Findings highlight importance of quality mentor-mentee relationships

Larose, S., Chaloux, N., Monaghan, D., & Tarabulsy, G. M. (2010). Working Alliance as a Moderator of the Impact of Mentoring Relationships Among Academically At‐Risk Students. Journal of Applied Social Psychology40 (10), 2656-2686.


In this study, Simon Larose and his colleagues explored the role of the working alliance in mentoring relationships—predicting that more positive working alliances between mentees and mentors would be associated with improved academic adjustment and achievement. Working alliance is a technical term for the quality of the relationship  Researchers have found that (1) a friendly, respectful bond; (2) agreement on goals; and (3) agreement on tasks designed to achieve these goals can lead to strong alliances.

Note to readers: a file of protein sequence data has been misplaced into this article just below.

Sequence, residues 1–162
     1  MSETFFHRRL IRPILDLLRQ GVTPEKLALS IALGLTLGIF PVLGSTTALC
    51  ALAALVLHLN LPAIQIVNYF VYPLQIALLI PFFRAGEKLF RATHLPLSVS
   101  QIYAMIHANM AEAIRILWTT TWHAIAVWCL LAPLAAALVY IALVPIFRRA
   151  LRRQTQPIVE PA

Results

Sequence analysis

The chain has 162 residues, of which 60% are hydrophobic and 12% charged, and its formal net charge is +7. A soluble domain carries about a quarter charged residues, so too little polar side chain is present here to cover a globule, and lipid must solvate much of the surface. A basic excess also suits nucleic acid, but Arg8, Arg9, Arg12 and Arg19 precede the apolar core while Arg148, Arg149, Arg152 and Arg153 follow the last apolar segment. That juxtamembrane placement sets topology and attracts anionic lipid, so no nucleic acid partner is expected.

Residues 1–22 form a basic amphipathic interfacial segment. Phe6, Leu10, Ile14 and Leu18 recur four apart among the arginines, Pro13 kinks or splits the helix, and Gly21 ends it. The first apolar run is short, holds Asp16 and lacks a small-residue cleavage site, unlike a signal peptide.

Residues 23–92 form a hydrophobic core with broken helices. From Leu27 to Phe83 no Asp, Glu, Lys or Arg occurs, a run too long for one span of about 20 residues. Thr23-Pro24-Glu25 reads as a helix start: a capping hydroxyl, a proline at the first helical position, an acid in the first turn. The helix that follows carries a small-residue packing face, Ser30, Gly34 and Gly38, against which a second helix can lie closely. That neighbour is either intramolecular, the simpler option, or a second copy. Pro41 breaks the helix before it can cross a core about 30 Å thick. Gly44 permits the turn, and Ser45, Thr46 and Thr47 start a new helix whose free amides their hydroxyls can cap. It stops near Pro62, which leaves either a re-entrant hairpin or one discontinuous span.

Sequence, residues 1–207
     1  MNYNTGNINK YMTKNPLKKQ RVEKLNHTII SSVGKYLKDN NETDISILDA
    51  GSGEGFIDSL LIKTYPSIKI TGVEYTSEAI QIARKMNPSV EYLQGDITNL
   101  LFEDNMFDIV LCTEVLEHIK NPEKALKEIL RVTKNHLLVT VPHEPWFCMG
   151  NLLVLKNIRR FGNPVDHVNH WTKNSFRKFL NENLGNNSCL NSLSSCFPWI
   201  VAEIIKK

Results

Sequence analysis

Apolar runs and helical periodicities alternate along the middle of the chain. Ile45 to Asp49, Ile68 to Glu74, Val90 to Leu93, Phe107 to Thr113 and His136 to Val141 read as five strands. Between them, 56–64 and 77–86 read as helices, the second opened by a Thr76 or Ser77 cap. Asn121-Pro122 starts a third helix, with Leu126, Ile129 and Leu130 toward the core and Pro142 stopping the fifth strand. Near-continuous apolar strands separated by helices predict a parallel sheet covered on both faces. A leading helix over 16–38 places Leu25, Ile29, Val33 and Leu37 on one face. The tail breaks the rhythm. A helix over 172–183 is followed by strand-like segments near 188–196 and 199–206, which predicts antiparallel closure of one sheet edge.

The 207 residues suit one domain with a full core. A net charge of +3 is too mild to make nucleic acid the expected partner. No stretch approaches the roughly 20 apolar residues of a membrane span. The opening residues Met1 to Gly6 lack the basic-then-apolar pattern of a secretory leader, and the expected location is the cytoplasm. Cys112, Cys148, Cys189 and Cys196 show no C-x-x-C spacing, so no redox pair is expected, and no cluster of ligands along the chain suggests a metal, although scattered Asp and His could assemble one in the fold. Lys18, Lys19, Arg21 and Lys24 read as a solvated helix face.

High-risk students at a Canadian public college were randomly assigned to either an educational program with a mentoring component or a no-treatment control group. The program consisted of a community volunteering component, as well as bi-weekly individual mentoring.


Students and mentors who had strong agreement on goals and felt that there was positive bonding were more likely than other mentored students and non-mentored students to improve in:

  • participation in class
  • disposition to seek help from teachers
  • school persistence.

Conclusion and Implications

Developing a strong working alliance in a mentoring relationship is critically important for effective mentoring. Mentored students with a strong working alliance benefitted more from mentoring than other mentored students and the control group.
The authors suggested that agreement on goals is especially important because it establishes trust, mentees’ sense of ownership in the process, and their feelings of efficacy when mutual, reasonable goals are reached. This may give mentees a sense of ownership in the mentoring process.

summarized by UMass Boston clinical psychology student Max Wu.